Fake jewelry isn’t new. It’s been around for centuries. For example, silver is often sold as white gold, and some nefarious individuals even carve fake hallmarks into pieces to “trick” unsuspecting buyers.
Because of all the fakes “out there,” it’s important to know what to look for and what to consider when you are ready to purchase earrings, a necklace, bracelet, ring, or any other piece of jewelry.
If you want to have confidence that the jewelry items you purchase are real, our guide will help. Keep reading to learn more about what to look for and consider when trying to purchase real jewelry items.
Look at the Markings
One of the first things to look at when determining if the jewelry is real is the markings. It’s important to know what to look for because many metals look the same to the untrained eye.
Usually, jewelry will carry markings that tell what type of metal they are made of and the purity of the metal.
An example would be with a 10k gold ring. In this case, the “10k” would be found on the ring. It is placed on the back of earrings, and for bracelets and necklaces, it’s close to the clasp, on the tag, or a link.
The mark you see depends on the type of metal used.
For sterling silver, you will see one of the following:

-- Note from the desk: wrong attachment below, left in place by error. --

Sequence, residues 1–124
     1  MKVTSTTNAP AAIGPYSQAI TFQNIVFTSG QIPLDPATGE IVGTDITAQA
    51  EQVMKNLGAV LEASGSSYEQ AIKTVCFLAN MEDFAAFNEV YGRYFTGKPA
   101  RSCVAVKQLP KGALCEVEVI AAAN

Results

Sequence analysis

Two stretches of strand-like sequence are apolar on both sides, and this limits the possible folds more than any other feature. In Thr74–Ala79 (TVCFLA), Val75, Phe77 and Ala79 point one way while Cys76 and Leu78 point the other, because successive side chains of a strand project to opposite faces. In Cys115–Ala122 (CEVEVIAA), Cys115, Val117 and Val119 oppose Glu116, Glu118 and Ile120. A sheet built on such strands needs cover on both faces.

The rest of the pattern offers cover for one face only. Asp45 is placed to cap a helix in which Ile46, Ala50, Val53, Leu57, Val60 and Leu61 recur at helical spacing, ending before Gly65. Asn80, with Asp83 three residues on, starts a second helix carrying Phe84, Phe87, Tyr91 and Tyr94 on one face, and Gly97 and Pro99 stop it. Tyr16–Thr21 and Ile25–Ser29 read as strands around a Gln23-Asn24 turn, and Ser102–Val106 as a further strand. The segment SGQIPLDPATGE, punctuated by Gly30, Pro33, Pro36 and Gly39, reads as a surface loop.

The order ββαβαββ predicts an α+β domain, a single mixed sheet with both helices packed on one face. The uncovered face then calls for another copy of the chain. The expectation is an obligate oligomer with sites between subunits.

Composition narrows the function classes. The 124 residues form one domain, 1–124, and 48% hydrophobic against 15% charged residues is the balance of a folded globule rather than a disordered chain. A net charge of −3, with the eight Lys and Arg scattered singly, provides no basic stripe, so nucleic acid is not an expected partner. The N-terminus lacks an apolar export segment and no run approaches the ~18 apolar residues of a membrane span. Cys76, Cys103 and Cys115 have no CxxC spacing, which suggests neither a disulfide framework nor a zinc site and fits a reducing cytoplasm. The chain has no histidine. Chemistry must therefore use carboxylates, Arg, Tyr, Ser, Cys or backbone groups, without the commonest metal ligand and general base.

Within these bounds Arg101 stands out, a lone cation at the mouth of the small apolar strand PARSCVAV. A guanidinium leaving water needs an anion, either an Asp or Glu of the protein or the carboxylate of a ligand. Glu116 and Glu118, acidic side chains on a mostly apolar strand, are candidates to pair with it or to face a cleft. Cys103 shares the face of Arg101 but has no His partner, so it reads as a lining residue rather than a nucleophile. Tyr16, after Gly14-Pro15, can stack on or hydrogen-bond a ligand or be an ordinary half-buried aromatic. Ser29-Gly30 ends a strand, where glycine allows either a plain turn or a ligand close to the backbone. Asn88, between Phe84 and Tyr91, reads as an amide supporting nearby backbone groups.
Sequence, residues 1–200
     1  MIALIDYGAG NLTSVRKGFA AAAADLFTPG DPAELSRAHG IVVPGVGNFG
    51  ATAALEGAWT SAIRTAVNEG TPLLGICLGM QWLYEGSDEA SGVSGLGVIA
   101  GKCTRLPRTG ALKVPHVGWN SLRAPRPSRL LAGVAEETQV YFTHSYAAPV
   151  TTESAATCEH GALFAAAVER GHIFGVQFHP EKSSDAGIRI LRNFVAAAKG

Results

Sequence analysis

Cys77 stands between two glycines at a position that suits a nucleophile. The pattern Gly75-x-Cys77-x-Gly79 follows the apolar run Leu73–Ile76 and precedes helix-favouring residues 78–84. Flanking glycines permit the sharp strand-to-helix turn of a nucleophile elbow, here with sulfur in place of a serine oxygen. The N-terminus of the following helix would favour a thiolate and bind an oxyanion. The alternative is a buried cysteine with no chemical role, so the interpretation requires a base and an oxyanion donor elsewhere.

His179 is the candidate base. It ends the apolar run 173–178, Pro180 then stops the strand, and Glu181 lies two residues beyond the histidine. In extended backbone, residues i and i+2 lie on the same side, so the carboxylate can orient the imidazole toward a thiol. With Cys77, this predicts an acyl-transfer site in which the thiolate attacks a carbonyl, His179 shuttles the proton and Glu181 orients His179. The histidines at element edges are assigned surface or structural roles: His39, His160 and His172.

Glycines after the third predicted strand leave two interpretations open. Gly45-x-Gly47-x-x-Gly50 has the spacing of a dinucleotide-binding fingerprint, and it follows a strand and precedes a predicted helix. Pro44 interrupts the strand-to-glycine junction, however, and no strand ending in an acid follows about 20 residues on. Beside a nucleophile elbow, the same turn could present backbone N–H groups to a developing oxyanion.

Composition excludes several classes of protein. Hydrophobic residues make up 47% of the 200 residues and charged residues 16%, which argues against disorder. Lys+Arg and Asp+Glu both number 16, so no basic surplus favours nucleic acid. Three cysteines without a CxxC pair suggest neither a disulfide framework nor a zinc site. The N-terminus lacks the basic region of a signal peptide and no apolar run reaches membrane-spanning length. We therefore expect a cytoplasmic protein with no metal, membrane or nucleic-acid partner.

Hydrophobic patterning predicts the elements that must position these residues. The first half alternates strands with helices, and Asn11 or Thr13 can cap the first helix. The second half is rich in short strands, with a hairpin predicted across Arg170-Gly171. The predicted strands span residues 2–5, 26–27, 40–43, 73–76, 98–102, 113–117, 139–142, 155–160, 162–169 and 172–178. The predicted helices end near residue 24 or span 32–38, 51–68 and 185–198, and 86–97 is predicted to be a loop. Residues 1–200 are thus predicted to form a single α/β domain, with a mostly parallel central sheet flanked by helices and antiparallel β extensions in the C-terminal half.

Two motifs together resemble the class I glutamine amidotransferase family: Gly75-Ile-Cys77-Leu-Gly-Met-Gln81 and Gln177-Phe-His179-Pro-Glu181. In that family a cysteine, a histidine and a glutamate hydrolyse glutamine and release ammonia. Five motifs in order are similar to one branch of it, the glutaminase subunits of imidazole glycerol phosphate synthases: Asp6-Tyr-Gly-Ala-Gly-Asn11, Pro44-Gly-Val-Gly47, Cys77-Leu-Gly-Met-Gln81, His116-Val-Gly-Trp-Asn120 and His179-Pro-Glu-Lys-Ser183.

- .925 stamp
- Sterling stamp
There may also be a 925 stamp, which means the silver is made of 92.5% silver.
Gold has different markings than silver. Some of the most common include:
- A “k” or the word “karat”
- 10k gold may have .417 stamped on it
- 14k gold may have .585 stamped on it
- 18k gold may have .750 stamped on it
Other types of jewelry may be marked, as well. For example, if you purchase Tiffany brand jewelry, it will have a “Tiffany” stamp on it. Sterling silver jewelry that is made with gold plating is marked “Vermeil.” A platinum piece of jewelry will have a “platinum” or “plat” stamp on it.
It’s important to know that the marking alone isn’t enough proof to feel confident you have found authentic jewelry. In some cases, testing the metal is the only way to know, for sure, if it is real.
Ceramic or Magnet Test
You can test gold to determine if it is real by using a strong magnet. With this, you can see if it is as pure as it was advertised to be. If an item is gold-plated, a metal is used underneath that causes the magnet to stick to it. Real gold won’t stick to a magnet.
Unfortunately, this isn’t 100% accurate. Some jewelry is made out of metal that won’t stick to magnets.
Are you ready to know how jewelry is made and find quality options? If so, we have the information you are searching for.